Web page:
The Civilian Conservation Corps (CCC) began on March 31, 1933 under President Roosevelt’s “New Deal” to relieve the poverty and unemployment of the Depression. Camps were set up in many New York towns, state parks, & forests. Workers built trails, roads, campsites, dams, fire tower observer’s cabins & telephone lines; fought fires; stocked fish; and planted millions of trees. The CCC disbanded in 1942 due to the need for men in WW II.

Podskoch is a retired teacher and the author of five books: Fire Towers of the Catskills: Their History and Lore, two Adirondack fire tower books: Adirondack Fire Towers: Their History and Lore (volumes for the Southern and Northern Districts) and two other books, Adirondack Stories: Historical Sketches and Adirondack Stories II: Historical Sketches from his weekly illustrated newspaper column.

Podskoch is interested in meeting individuals who may have CCC stories to contribute to his next book. Marty Podskoch will have all of his books available after the presentation for sale and signing. For those unable to attend this reunion, Marty Podskoch has planned five other reunions:

June 22 6:30 pm Oneida Historical Society, 1608 Genesee St., Utica (315) 735-3642
June 23 6:30 pm Franklin Co. Hist. Society, 51 Milwaukee St. Malone (518) 483-2750
June 25 at the Schenectady County Historical Society, Schenectady, NY
June 26 1 pm Fulton Co. Hist. Society, 237 Kingsboro Ave., Gloversville (518) 725-8314
June 27 2 pm Bolton Landing Hist. Society, Bolton Free Library (518) 644-2233

If any one has information or pictures to share of relatives or friends who worked at one of the CCC camps, please contact Marty Podskoch at: 36 Waterhole Rd., Colchester, CT 06415 or 860-267-2442, or podskoch@comcast.net

Sunday, June 20, 2010

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Sunday, June 20, 2010

Last Call: The Rise and Fall of Prohibition

During Prohibition my grandfather’s brother Denis Warren, a veteran of some of the bloodiest American battles of World War One, was left for dead on the side of Route 9N south of Port Henry. He was in the second of two cars of friends returning from Montreal with a small supply of beer. Going through Port Henry local customs agents gave chase and the car he was in hit a rock cut and he was badly injured in the accident. Figuring his was dead, or nearly so, and worried he would go to prison, one of Denis’s best friends rolled him under the guardrail, climbed into the other car, and sped off.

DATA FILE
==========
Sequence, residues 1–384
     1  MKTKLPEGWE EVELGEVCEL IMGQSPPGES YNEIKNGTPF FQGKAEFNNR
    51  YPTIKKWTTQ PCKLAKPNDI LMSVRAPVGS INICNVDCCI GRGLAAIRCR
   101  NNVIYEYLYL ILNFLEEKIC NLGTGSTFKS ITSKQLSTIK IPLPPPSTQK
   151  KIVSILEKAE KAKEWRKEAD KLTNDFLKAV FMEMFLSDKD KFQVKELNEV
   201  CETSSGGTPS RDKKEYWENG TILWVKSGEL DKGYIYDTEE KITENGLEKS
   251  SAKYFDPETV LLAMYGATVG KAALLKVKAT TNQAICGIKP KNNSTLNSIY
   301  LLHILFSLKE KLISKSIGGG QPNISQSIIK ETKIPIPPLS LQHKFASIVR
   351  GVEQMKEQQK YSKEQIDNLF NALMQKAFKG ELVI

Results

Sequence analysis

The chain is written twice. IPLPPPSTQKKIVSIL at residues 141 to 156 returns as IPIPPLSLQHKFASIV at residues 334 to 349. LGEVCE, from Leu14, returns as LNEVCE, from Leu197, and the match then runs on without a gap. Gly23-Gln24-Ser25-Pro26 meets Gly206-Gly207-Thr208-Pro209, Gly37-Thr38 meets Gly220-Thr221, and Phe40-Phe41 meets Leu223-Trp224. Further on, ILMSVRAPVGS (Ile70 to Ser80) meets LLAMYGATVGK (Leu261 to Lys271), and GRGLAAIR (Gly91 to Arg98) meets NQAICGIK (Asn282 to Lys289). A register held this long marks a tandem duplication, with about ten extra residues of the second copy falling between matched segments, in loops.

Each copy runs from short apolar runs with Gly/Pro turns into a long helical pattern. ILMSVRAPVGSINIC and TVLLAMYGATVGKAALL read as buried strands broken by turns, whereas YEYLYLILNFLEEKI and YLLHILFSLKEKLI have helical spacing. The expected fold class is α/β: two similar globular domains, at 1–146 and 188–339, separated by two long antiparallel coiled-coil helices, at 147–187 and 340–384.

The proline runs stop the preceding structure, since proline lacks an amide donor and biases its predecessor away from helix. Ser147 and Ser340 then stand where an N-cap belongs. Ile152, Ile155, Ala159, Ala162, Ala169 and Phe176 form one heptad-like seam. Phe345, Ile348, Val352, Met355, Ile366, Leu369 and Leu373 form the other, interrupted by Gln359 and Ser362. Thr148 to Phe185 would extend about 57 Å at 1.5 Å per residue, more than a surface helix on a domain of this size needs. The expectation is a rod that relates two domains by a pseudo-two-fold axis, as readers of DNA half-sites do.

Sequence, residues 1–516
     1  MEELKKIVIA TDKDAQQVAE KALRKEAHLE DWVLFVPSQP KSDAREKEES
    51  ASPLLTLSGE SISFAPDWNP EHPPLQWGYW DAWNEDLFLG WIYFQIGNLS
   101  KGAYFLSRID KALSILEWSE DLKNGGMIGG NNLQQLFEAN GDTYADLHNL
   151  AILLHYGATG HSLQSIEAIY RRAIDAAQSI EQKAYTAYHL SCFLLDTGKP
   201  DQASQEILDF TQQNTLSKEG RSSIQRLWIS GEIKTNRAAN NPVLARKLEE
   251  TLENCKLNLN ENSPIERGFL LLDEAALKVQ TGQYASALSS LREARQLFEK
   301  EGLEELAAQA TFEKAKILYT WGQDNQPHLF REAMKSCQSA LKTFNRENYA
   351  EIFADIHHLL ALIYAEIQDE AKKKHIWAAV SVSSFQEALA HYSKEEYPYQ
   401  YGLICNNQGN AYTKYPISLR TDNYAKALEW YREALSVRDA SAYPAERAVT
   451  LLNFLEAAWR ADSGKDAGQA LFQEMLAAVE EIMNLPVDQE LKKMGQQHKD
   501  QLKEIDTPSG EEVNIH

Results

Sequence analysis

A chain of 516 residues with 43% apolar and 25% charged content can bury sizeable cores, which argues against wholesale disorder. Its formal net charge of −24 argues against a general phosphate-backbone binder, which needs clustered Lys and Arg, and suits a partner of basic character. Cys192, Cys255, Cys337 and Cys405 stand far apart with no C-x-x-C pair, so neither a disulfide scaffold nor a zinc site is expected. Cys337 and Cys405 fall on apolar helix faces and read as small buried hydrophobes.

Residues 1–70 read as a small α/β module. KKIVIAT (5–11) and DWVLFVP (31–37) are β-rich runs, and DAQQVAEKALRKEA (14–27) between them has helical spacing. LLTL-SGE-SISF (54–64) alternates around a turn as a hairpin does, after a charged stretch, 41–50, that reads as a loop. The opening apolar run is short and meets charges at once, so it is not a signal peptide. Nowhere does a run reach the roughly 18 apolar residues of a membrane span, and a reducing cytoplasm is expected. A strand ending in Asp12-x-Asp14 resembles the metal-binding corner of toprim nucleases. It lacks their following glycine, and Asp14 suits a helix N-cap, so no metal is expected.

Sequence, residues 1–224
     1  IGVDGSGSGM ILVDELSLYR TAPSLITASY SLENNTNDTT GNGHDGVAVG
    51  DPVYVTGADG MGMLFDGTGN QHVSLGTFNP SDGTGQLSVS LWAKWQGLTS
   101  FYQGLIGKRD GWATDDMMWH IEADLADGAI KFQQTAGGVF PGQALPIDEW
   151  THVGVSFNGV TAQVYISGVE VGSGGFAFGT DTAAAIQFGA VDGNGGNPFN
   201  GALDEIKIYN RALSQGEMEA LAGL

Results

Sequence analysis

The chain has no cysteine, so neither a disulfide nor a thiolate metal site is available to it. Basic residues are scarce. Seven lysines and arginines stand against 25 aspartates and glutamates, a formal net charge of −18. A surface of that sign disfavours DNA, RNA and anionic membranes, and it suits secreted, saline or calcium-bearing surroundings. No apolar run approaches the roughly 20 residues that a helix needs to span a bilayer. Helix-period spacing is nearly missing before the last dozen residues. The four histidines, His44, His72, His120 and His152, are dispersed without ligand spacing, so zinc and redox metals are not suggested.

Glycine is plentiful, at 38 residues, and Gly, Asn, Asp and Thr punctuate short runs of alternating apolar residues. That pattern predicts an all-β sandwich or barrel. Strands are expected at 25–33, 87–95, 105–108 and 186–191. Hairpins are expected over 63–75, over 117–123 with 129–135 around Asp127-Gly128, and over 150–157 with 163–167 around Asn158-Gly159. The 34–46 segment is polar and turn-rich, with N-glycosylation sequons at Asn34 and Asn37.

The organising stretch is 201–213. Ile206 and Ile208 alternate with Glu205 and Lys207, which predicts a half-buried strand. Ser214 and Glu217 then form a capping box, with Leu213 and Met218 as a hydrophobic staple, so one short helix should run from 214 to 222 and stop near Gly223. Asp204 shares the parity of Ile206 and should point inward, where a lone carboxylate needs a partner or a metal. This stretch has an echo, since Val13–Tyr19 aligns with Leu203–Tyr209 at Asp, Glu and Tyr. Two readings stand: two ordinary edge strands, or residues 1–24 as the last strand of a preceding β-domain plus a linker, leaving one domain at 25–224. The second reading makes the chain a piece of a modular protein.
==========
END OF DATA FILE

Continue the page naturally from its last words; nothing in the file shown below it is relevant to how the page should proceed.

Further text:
Joe Kennedy, the father of President John F. Kennedy, had a rather different experience with Prohibition – he got rich. Never really enthusiastic about World War One, he spent the war as an assistant general-manager of Bethlehem Steel and used the opportunity to buddy up to Franklin D. Roosevelt who was then Assistant Secretary of the Navy. During Prohibition Kennedy went to England and with the help of FDR’s eldest son James Roosevelt secured the exclusive American rights for Gordon’s Dry Gin and Dewar’s Scotch. Contrary to rumors, Kennedy wasn’t a bootlegger, he imported his British booze legally under a permit to distribute medical alcohol.

The story of these two Irish-Americans serves as a kind of microcosm of the story of Prohibition, when all of America seemed upside down. “In almost every respect imaginable, Prohibition was a failure,” Daniel Okrent writes in Last Call: The Rise and Fall of Prohibition. “It deprived the government of revenue, stripped the gears of the political system, and imposed profound limitations on individual rights. It fostered a culture of bribery, blackmail, and official corruption. It also maimed and murdered, its excesses apparent in deaths by poison, by the brutality of ill-trained, improperly supervised enforcement officers, and by unfortunate proximity to mob gun battles.”